Gina Davidson: Nothing to toast in booze sales decision

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DO you like a drink? A preprandial G&T, a glass of wine once the kids are in bed to take the stress of the day away, a wee swally on a Saturday night?

Who doesn’t? Well, bizarrely a few journalists I know never touch the stuff – so much for stereotypes – but as our First Minister recently said, we are a “nation of drunks”. But he went further, stating it was the “availability of cheap alcohol” and the “cultural changes” which that had wrought – the idea that going out to get wrecked is an end in itself – that had affected our national relationship with alcohol. We like being loaded – though sadly it’s nothing to do with decent salaries.

Of course there’s a cost to this dysfunctional relationship. Statistics show that alcohol is a factor in around 50 different causes of death, from cancers and strokes to those which result from drunken violence and drunken driving. The impact of alcohol problems affects family, friends, employers, your local high street on a Friday and Saturday night. Apparently alcohol misuse costs Scotland £3.6 billion a year – including a cost to the NHS of £270 million and the police £730m.

The Scottish Government wants to introduce a minimum pricing policy, to try and ensure that cheap lager and cider, at least, become something to think twice about when buying essentials in the supermarket, rather than being an easy chuck-it-in-the-trolley purchase. Statistics show two thirds of the alcohol sold in Scotland now is predominantly through supermarkets, and increased off-sales outlets have driven the rise in imbibing.

Why there’s been any opposition to this I can’t understand.

So you might think then the councillors on Edinburgh’s licensing committee would take all of that into account when granting new off-sales licences in one of the busiest, booziest parts of town. If there’s one thing Tollcross is not short of, it’s places to get drunk or buy as much hooch as you can handle. Yet, both Sainsbury’s and the Co-op were given licences to sell alcohol from premises in the same street – Earl Grey Street – just a beer bottle’s throw from a licensed Tesco.

Then there’s a Co-op in Leven Street which sells alcohol along with another in Lothian Road, a Tesco at Fountainbridge and Sainsbury’s stores in ­Morrison Street and the West Port.

All against the advice of health bodies and Edinburgh’s police chief. Even the Scottish Licensed Trade Association have questioned this decision.

Ultimately decisions on over-
provision of alcohol, while informed by health and police authorities, are a value judgement for councillors, but the link between the availability of alcohol and the rise in problems related to its consumption are well known. And the licensing system is supposed to regulate the provision of drink and therefore reduce the risk of harm to both those drinking and those not – in other words to protect society in general from the fall-out.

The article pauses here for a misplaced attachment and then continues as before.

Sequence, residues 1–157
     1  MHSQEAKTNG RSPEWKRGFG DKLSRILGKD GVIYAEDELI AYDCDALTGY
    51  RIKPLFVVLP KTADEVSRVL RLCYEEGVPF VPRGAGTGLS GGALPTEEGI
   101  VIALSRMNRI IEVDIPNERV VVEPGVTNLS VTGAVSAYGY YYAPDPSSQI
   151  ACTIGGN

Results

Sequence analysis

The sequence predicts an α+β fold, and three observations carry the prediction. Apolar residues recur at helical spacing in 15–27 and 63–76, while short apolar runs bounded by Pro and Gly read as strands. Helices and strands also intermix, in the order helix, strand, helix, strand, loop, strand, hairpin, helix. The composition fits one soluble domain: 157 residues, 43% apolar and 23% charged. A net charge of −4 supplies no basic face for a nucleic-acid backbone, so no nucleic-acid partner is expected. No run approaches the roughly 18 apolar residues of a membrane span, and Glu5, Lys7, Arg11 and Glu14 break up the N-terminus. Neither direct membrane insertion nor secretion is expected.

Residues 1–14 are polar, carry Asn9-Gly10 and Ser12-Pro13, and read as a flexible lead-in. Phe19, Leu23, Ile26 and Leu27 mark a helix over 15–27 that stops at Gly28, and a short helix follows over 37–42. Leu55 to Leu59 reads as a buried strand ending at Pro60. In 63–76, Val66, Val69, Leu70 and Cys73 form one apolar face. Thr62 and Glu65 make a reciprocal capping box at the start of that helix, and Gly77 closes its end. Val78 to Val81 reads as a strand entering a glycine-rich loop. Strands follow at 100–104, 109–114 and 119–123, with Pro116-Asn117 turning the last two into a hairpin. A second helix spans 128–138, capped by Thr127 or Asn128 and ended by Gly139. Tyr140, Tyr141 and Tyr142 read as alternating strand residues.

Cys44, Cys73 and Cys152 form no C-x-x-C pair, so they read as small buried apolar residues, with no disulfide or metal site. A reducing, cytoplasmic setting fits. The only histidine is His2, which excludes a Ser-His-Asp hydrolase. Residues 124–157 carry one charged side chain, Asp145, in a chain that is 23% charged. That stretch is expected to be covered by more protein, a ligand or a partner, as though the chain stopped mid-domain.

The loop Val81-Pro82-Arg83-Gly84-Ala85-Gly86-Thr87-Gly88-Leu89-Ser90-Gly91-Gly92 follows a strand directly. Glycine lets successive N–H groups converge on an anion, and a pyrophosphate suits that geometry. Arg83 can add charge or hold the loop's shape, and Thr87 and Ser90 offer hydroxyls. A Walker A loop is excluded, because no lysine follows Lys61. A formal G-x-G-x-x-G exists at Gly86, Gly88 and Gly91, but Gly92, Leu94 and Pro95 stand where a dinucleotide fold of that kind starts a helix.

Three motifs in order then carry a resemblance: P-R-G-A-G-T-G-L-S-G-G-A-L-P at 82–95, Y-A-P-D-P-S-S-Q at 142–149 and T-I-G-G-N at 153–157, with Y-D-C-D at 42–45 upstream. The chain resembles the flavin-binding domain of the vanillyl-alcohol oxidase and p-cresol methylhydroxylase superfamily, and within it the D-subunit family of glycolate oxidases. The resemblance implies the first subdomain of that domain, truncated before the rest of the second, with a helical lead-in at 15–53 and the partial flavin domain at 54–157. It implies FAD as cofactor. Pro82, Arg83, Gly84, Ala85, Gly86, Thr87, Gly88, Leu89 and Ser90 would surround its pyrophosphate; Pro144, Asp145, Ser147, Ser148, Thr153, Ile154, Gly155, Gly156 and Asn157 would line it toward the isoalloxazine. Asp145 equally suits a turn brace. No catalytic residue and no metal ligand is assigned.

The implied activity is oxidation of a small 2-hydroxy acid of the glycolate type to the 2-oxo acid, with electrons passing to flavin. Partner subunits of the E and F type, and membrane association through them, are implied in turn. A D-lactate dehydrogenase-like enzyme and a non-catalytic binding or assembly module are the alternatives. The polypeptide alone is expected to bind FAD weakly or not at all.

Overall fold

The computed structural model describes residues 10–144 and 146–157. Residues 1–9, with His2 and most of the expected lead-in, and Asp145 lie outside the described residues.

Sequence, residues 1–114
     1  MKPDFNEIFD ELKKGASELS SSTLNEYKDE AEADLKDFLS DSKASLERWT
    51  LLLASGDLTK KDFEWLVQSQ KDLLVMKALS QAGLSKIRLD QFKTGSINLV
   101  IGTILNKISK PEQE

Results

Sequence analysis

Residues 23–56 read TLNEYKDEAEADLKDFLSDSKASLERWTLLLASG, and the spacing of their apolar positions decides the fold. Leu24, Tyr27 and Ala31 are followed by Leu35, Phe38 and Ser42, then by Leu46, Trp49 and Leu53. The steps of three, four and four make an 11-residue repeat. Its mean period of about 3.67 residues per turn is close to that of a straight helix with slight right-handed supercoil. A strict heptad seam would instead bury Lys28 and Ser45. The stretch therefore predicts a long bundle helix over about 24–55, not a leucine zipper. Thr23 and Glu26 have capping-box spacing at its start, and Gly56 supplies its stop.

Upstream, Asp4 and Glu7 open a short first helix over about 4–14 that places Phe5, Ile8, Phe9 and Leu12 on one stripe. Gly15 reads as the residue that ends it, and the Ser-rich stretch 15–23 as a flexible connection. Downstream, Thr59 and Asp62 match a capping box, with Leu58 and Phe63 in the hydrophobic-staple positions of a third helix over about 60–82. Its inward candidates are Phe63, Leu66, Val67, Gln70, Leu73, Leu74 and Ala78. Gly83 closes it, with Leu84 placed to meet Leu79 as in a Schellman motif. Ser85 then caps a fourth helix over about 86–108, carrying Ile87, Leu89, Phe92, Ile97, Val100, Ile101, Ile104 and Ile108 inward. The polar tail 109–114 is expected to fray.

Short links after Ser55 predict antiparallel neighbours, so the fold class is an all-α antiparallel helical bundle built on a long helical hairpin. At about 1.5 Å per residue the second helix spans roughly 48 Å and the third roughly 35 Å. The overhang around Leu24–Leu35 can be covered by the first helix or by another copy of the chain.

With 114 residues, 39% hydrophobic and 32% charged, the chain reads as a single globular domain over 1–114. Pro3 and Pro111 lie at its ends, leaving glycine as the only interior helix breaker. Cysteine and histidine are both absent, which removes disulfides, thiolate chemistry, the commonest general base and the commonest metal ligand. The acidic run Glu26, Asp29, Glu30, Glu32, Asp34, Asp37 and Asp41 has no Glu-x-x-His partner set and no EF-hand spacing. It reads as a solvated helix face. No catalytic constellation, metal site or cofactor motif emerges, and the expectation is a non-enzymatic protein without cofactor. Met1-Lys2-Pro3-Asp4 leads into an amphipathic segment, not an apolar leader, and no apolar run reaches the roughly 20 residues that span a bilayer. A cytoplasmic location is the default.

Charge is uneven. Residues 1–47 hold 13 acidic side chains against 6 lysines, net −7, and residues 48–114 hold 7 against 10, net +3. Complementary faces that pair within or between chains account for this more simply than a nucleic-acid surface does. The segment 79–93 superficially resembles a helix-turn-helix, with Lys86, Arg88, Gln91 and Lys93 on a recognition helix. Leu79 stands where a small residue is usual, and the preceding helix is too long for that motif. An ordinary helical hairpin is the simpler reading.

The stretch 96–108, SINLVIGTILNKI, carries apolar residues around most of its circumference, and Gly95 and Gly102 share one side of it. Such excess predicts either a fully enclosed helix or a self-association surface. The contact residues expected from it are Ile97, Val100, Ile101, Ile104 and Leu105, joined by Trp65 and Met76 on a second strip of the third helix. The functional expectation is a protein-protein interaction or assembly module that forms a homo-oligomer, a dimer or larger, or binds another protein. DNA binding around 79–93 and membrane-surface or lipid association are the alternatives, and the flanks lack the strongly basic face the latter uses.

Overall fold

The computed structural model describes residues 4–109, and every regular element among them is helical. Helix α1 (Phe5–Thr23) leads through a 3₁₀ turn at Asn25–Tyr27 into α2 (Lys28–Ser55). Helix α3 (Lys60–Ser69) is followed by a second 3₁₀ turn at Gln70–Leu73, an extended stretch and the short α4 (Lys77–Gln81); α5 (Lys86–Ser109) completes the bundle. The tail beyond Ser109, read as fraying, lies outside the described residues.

So how do more off-sales in Tollcross square with that? Perhaps there’s really a belief that it would be unfair to deny two supermarkets when others already have licences, is there a fear of potential legal action?

Or maybe they don’t think that two more off-sales will make a difference – just a couple more shots dropped in the alcohol ocean which surrounds the people of Tollcross. Perhaps the councillors just don’t believe the evidence.

Interestingly it’s been pointed out that those who voted these licences through do not represent Tollcross, so perhaps this is just reverse Nimbyism.

Whatever it is, they should remember their duty is to the public of Edinburgh, not the supermarket bosses.

Lack of NHS compassion needs probe

AT some point money was bound to come into it. The idea that NHS Lothian staff suggested stillborn babies should be communally cremated to save it some cash is as distasteful as the idea that the bodies of these babies, once turned to dust, were hoovered up and binned.

I can understand that society’s attitude to how stillborn and tiny babies who die just after birth has changed over time. But I can’t, and never will, understand why those who deal with these issues had such little compassion for parents they thought treating their babies like trash was acceptable.

Those responsible need to be held to account at a public inquiry.

McCallum’s lie test is a waste

CONVICTED paedophile John McCallum, who was jailed for ten years for the rape and sustained sexual abuse of his twin nieces, has apparently paid for a lie detector test to prove his innocence.

Polygraphs are not admissable as evidence in Scottish courts because of the huge doubts over their accuracy. But our justice system really has no need of them when there’s already an in-built lie detector in the courtroom – the jury.

Farage is ready for round two

NIGEL Farage is, the brave wee soul, heading back to Edinburgh. The last time he was here he had to shelter in the Canon’s Gait pub for his own safety after a group of protestors’ verbal assaults got too much for him.

But the anti-immigration MEP is coming back for a UKIP rally and this time his political opponents have already announced their protest will be more organised.

Whether you like Farage or not, whether you like the tactics of the Radical Independence Campaign or not, isn’t it great we live in a country where freedom of speech allows both sides to voice their opinions?

And of course there’s a free press to report it all too.